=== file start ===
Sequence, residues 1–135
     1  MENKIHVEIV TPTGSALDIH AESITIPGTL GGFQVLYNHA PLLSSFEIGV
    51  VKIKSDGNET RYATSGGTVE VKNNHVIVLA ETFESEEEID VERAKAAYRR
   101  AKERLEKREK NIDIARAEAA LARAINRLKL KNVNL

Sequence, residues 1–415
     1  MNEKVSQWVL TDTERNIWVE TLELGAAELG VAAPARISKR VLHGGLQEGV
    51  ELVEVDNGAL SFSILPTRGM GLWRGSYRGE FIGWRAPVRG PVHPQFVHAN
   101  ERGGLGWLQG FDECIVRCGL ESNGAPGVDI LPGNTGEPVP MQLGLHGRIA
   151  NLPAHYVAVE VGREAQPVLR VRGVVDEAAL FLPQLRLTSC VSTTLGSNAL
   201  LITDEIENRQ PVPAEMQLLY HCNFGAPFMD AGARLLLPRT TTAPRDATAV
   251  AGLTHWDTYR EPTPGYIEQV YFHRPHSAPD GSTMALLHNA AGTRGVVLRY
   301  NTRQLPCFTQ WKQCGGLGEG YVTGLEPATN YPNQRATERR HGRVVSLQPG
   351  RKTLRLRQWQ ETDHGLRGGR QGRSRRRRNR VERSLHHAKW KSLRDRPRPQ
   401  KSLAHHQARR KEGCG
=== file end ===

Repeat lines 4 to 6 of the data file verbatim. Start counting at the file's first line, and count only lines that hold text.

   101  AKERLEKREK NIDIARAEAA LARAINRLKL KNVNL

Sequence, residues 1–415
     1  MNEKVSQWVL TDTERNIWVE TLELGAAELG VAAPARISKR VLHGGLQEGV